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Having been a member of this forum for a little while now, I have seen quite a broad range of topics pop up. Some are by pros, some newbies. Some ...
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  1. #1
    Linux User tech_man's Avatar
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    Prerequisites for Linux?


    Having been a member of this forum for a little while now, I have seen quite a broad range of topics pop up. Some are by pros, some newbies. Some asking how to do something trivial, some asking how to do something major. Some containing tips and suggestions. Some just discussing nothing to do with computers (Coffee Lounge). I digress. Every once and a while you see someone with one post come along and their post title reads, "OmG!11!! how do u installz warez?" (Exaggeration) Inside you see, "LOL i lef klikc the .bin and nothing happens. I WATN TO D CLIKC AND INSTALL IT." (Again Exaggeration) Sometimes it is incomprehensible gibberish, sometimes it is well phrased from a frustrated beginner. I come along and say, just open up the terminal, change the directory to where the .bin is, type "chmod +x filename", and then "./filename". The reply comes quickly, "Whats the terminal?" Then I slam my head on the computer desk.

    Installing software seems to pop up a lot and even has its own dedicated thread here. In windows you download an .exe and double click it. Boom! Done. (Usually) Some people like it and say, "Good, installing software should be as easy as possible." Others say, "Bah! Give me the damn source so I can compile it myself." This is where the beauty of the linux distribution comes into play. You pick what you want. Each distribution caters to different needs. You want "harder" (You know what I mean) you can have slack, gentoo, etc. You want "easier" (Again you know what I mean) go Ubuntu, Fedora, PCLinuxOS.

    The question arises here. No matter which distribution you chose, do you have to know certain things? In order to use linux, should you know how to burn an .iso? (Don't get me wrong, everyone starts somewhere. The first time I tried to burn an disk image, I created about five coasters before I looked up how to properly burn one.) Should you need to know at least the basics of a command line interface? Should you know that a file is a file? (Extensions are really meaningless.) Should you need to know at least a little about the distribution you use? (Package Manger, Desktop Environment, etc.) Should you know the difference between KDE, Gnome, Xfce?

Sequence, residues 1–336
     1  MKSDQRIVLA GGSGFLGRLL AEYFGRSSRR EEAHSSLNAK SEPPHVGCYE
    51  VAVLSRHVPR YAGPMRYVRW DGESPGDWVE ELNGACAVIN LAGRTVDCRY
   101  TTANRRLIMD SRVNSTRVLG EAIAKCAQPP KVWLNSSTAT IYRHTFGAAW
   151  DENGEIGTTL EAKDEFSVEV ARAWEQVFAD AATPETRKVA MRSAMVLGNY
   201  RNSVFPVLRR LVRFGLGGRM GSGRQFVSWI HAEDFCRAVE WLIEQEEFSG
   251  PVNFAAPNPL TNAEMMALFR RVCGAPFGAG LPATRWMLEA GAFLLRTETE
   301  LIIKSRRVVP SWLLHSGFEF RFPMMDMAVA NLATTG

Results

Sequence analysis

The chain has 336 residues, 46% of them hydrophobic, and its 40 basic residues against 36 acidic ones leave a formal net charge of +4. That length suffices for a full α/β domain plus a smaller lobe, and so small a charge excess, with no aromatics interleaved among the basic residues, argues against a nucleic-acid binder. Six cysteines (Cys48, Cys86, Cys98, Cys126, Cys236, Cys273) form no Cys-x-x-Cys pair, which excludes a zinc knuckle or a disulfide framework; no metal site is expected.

Before you dive right in and start installing a distribution, should there be information that you should already know? There is a myriad of information on this forum. If you look hard enough, you can find a topic that usually answers your question. The only thing is that you need to know where to look. Under linux installation there is the tutorial for burning the image. Under linux software there is a guide to installing software.

    When someone comes and asks, "How do I get and install Linux?" The thread gets locked and they are given a link to the topic showing them where to start. They come here wanting to just know how to installing linux and before they know it, they are taking a "Distro Quiz". They probably don't even know what a distro is. They use the schema they already have (Windows). They hear about this OS called linux and assume there is one thing called Linux that they can install just like Windows. Before they know it, we have them jumping through hoops with distributions, 32-bit vs. 64-bit, Gnome version, KDE version, RPMs, Source, .debs, yum, apt, CLI, terminal, shell, kernel, gcc, etc. They are so overwhelmed by all of this, they just say, "Screw it."

    What I am asking and proposing is creating a big tutorial that explains the basics. What is linux, what is a distribution, what are popular distributions, what is the kernel, what is the command line and how to use it, what a file is, what user accounts are, what is root, what is the disc image, etc. It would be a primer and guide to installing linux. Instead for having everybody looking all over the forums for each step, I would like to just put them in one big file. Start with the prerequisites, then move on to getting the Distribution, burning the Distribution, booting the Distribution, installing the Distribution, get everything up and running, installing software, etc.

    I need to know from you guys what would you like this tutorial to cover? What should be included, what should someone have to learn for himself/herself? This would by no means be an end all tutorial, just one that covers the basics, and not only help the person get a Linux Distribution up and running with minimal hassle, but give them knowledge which would make their Linux life a lot easier.